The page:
I have a text document that contains a bunch of URLs in this format:
URL = "sitehere.com"
What I'm looking to do is to run
curl -K myfile.txt, and get the output of the response cURL returns, into a file.
How can I do this?
For a single file you can use
-O instead of
-o filename to use the last segment of the URL path as the filename. Example:
curl http://example.com/folder/big-file.iso -O
There are several options to make curl output to a file
# saves it to myfile.txt curl http://www.example.com/data.txt -o myfile.txt # The #1 will get substituted with the url, so the filename contains the url curl http://www.example.com/data.txt -o "file_#1.txt" # saves to data.txt, the filename extracted from the URL curl http://www.example.com/data.txt -O # saves to filename determined by the Content-Disposition header sent by the server. curl http://www.example.com/data.txt -O -J
wget can be used in this case. All 3 of these commands do the same thing, downloading the file at http://path/to/file.txt and saving it locally into "my_file.txt".
Note that in all commands below, I also recommend using the
--location option with
curl in order to follow HTML 302 redirects to the new location of the file, if it has moved.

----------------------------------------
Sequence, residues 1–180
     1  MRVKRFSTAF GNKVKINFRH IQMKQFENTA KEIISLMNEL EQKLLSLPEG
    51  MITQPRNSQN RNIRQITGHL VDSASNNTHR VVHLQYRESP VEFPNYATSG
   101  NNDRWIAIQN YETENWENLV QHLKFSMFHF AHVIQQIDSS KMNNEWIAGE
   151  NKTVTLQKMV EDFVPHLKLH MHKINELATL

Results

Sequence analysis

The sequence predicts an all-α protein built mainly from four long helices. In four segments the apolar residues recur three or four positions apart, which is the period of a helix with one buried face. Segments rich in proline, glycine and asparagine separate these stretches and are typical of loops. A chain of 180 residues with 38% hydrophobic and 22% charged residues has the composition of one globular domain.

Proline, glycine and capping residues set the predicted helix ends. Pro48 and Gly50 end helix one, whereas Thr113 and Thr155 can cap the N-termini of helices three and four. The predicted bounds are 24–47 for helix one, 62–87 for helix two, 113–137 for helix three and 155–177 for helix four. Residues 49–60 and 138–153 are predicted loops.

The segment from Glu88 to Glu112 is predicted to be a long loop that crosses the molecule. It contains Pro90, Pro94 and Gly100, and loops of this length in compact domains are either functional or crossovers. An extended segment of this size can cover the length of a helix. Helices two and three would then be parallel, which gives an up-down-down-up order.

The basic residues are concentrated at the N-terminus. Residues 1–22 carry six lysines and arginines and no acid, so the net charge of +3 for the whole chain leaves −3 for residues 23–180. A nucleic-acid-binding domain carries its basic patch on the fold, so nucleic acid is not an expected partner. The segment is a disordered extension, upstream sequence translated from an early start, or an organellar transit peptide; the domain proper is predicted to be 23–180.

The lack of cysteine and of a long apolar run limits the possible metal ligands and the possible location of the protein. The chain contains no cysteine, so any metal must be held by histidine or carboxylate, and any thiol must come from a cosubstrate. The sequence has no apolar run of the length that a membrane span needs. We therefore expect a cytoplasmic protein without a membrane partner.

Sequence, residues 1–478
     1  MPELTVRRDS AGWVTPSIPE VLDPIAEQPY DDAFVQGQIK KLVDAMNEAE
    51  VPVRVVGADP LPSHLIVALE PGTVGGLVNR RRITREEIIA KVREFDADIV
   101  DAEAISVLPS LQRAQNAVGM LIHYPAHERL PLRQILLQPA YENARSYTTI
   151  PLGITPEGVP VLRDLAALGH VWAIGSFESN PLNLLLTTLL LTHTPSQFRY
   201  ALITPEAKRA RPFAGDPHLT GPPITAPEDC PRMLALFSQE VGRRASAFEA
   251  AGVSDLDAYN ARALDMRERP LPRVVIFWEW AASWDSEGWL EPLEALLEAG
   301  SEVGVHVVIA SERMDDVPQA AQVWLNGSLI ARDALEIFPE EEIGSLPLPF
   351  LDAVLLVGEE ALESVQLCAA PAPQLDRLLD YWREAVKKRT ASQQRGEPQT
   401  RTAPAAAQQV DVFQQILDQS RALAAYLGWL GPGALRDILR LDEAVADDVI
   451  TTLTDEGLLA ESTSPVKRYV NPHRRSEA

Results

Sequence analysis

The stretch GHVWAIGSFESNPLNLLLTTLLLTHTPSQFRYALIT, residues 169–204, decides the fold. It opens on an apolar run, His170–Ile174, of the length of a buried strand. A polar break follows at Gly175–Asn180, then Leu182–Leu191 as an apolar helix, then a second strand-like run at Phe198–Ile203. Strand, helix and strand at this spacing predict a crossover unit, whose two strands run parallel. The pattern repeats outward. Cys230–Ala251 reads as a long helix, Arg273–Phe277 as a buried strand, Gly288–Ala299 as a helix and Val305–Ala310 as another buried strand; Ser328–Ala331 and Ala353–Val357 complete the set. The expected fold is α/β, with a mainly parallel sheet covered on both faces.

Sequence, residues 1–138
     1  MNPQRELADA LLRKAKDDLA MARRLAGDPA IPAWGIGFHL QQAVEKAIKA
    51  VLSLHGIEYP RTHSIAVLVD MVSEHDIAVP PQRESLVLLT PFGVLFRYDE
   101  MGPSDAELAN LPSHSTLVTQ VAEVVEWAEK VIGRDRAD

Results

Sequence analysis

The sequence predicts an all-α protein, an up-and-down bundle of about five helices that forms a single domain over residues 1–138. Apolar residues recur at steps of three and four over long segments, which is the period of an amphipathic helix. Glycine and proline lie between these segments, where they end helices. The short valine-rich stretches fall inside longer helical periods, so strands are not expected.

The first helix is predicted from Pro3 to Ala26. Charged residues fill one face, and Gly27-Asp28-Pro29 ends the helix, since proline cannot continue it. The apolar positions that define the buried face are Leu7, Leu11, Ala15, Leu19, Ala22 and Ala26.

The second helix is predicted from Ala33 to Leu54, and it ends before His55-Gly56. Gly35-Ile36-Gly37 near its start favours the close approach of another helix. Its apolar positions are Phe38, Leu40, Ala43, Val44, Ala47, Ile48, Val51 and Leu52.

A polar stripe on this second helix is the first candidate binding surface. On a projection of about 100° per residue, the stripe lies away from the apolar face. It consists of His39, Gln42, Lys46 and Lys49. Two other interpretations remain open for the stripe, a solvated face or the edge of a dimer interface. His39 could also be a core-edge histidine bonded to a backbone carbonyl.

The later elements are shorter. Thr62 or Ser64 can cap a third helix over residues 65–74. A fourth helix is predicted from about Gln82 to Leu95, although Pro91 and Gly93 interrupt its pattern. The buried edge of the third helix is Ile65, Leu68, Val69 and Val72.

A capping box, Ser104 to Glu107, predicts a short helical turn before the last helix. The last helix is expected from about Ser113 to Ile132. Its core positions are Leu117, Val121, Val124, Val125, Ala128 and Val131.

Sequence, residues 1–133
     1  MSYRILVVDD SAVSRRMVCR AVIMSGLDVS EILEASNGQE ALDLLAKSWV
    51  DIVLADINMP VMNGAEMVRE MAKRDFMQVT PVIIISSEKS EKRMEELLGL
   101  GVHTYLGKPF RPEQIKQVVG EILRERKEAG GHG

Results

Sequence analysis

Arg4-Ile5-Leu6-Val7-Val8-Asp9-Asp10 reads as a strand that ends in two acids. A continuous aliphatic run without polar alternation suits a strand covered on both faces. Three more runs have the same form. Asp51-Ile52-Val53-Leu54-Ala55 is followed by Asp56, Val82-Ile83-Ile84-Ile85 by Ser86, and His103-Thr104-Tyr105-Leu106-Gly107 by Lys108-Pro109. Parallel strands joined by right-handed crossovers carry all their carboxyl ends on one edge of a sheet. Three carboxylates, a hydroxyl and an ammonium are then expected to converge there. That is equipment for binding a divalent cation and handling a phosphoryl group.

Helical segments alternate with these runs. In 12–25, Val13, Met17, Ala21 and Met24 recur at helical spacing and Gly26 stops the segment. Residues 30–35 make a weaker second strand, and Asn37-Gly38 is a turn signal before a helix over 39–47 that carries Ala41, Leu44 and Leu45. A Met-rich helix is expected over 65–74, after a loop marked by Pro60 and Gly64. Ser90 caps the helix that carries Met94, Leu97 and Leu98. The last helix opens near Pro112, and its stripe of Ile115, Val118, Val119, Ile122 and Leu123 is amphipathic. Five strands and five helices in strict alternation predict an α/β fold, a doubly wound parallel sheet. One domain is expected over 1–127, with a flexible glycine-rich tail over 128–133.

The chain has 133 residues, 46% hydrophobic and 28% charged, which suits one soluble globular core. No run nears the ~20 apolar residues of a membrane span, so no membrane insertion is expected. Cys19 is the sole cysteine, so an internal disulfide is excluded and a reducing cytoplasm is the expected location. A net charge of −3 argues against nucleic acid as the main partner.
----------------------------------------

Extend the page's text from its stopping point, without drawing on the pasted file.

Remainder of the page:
wget requires no additional options to do this, as it does this automatically.
# save the file locally as my_file.txt wget http://path/to/file.txt -O my_file.txt # my favorite--it has a progress bar curl -L http://path/to/file.txt -o my_file.txt curl -L http://path/to/file.txt > my_file.txt
Alternatively, to save the file as the same name locally as it is remotely, use either
wget by itself, or
# save the file locally as file.txt wget http://path/to/file.txt curl -LO http://path/to/file.txt curl -L --remote-name http://path/to/file.txt
Notice that the
-O in all of the commands above is the capital letter "O".
The nice thing about the
wget command is it shows a nice progress bar.
You can prove the files downloaded by each of the sets of 3 techniques above are exactly identical by comparing their sha512 hashes. Running
sha512sum my_file.txt after running each of the commands above, and comparing the results, reveals all 3 files to have the exact same sha hashes (sha sums), meaning the files are exactly identical, byte-for-byte.
curlhere: Is there a way to follow redirects with command line cURL?
For those of you want to copy the cURL output in the clipboard instead of outputting to a file, you can use
pbcopy by using the pipe
| after the cURL command.
curl https://www.google.com/robots.txt | pbcopy. This will copy all the content from the given URL to your clipboard.
curl https://www.google.com/robots.txt | xclip
curl https://www.google.com/robots.txt | clip
You need to add quotation marks between "URL" -o "file_output" otherwise, curl doesn't recognize the URL or the text file name.
curl "url" -o filename
curl "https://en.wikipedia.org/wiki/Quotation_mark" -o output_file.txt
curl "https://en.wikipedia.org/wiki/Quotation_mark" > output_file.txt
Just make sure to add quotation marks.
My favorite is lwp-download, which can be found here: https://metacpan.org/dist/libwww-perl/view/bin/lwp-download
You can use it like this:
This will store the file as "latest.tar.gz" in your current directory, so no further option is needed.